Coronavirus Family Impact Project
Dr. Zelechoski's anxiety about how she was going to manage her kids at home indefinitely and how social distancing was going to impact all of us prompted our lab to take action in the way we know best...to study the impact on parents and children before, during, and after the pandemic unfolds. This project surveyed parents about the impact of COVID-19 on their stress and the emotional and behavioral functioning of their children over a 3-month period before, during, and after many states' stay-at-home orders were lifted. Results are currently being analyzed - stay tuned!
Teaching Psychology & Law
Our book was published in March 2018!
Child Custody Evaluation
Psychology, Law, & Trauma Lab
In collaboration with Dr. David Weinstock and Dr. John Moran, this project incorporates the well-established structured professional judgment framework used in criminal forensic assessment contexts to develop a more comprehensive and empirically-based family assessment tool. Following an extensive review of the empirical literature and completion of expert focus groups, a pilot version of the family assessment tool is currently in development and will soon be piloted to determine feasibility, factor structure, and inter-rater reliability. Funded by the Wheatridge Ministries - O.P. Kretzmann Memorial Fund for the Healing Arts & Sciences, this project is intended to serve as a first step toward the long-term goal of validating and disseminating the tool to mental health professionals who work with court-involved families.
Over the last twenty years, there has been a substantial increase in the number of course offerings and training opportunities in psychology and law as part of undergraduate curricula, as well as at the high school and graduate school levels. As more courses, trainings, and seminars are offered to meet the increasing demand, it is important to incorporate effective methods of teaching psycho-legal course material. In collaboration with Dr. Christina L. Riggs Romaine and Dr. Melinda Wolbransky, we completed a two-year, multi-site empirical evaluation of the effectiveness of incorporating experiential activities into Psychology and Law courses. Given that the field of forensic psychology is relatively small when compared to other psychology subspecialties, many undergraduate psychology departments do not have a faculty member with specific psycho-legal or forensic training. To meet this need, and also provide the experienced psychologist with specialized materials, we wrote a teaching activities book for college and university instructors, which provides a wide variety of experiential and simulation activities covering all of the topics typically included in forensic psychology and psychology and law textbooks )with adaptations for online courses!). For additional information, check out this article on experiential learning in undergraduate psychology and law courses and this blog post on the importance of experiential learning activities.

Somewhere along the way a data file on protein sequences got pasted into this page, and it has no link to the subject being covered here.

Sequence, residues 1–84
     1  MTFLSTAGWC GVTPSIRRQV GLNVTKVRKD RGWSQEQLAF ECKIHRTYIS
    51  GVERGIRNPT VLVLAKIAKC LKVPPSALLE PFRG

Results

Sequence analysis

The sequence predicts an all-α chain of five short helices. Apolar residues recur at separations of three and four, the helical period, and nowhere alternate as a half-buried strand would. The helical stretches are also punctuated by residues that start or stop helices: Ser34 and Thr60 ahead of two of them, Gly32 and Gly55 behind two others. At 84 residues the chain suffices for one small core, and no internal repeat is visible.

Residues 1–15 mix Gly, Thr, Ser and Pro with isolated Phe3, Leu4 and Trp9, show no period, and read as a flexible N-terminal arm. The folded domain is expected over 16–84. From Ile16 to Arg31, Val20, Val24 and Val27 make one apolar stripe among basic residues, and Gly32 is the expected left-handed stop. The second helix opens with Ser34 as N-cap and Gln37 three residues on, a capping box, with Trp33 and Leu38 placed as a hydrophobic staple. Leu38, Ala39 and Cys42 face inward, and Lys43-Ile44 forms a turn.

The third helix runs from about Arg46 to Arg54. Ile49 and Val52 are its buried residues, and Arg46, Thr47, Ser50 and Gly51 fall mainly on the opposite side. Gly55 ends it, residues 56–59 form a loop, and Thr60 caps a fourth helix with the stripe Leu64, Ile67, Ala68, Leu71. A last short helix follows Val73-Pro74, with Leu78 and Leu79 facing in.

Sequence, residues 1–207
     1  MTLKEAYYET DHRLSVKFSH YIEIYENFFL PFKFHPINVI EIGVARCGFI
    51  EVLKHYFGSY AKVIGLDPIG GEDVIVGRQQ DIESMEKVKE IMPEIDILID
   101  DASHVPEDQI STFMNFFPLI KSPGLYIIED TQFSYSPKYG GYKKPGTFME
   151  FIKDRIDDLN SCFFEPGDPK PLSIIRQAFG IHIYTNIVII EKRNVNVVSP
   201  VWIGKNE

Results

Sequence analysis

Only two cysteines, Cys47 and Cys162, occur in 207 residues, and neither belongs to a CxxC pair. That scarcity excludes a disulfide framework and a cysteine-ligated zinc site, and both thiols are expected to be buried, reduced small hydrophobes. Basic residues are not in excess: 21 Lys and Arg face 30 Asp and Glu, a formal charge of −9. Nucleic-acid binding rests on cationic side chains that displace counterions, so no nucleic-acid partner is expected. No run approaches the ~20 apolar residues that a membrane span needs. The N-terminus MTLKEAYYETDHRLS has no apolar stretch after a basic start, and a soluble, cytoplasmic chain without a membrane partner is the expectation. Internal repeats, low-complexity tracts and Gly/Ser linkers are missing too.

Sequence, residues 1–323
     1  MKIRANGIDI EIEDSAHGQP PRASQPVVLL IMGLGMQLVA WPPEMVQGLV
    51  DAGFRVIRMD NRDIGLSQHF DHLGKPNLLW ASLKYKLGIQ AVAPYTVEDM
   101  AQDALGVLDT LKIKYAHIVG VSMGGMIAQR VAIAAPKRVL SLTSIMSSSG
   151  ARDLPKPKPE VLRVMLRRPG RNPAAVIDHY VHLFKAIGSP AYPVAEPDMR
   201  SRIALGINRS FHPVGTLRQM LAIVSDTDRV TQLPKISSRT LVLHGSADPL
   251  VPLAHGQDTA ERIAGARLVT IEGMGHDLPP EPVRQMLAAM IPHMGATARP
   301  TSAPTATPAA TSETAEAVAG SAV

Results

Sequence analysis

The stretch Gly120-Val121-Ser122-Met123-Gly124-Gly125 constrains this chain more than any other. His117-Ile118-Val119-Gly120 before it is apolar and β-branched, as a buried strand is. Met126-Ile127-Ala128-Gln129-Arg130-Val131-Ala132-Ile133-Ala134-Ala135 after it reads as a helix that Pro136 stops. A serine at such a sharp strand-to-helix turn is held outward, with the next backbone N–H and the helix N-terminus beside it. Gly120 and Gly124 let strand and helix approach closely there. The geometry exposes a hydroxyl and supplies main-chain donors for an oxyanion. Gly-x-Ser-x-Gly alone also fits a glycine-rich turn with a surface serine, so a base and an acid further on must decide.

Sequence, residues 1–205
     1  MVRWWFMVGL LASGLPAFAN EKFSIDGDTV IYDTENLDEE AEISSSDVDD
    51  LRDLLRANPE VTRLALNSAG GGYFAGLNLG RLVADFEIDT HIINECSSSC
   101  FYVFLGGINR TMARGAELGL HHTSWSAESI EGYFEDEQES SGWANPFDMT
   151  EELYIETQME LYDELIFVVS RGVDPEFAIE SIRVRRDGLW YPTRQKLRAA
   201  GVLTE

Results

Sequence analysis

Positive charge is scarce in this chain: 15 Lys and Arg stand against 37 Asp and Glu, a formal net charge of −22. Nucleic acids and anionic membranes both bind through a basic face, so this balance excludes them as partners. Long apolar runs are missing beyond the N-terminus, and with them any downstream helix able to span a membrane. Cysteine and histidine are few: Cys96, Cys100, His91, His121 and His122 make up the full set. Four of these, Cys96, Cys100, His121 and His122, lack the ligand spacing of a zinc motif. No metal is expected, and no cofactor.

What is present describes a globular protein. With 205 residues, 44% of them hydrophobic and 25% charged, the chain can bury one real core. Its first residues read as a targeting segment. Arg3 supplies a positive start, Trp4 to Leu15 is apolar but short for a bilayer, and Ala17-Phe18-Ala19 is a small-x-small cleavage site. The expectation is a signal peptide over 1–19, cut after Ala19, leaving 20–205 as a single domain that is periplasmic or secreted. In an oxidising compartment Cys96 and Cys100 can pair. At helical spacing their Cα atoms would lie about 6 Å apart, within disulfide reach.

“I suggest we replace the word "screening" with the word "listening." Screening is something you give to someone, while listening is something you do with someone.”
As nationwide efforts continue toward trauma-informed child welfare and juvenile justice systems, we are working to identify more comprehensive trauma assessment methods for at-risk and juvenile justice-involved youth. The focus of this project is to figure out whether the right people are asking the right questions in the right ways in order to best understand the life experiences and circumstances that place youth at risk. In addition to exploring the effectiveness of a variety of quantitative and qualitative trauma assessment methods, we are also examining differences between urban and rural youth and discrepancy between youth and their parents/caregivers in reporting trauma history and impact.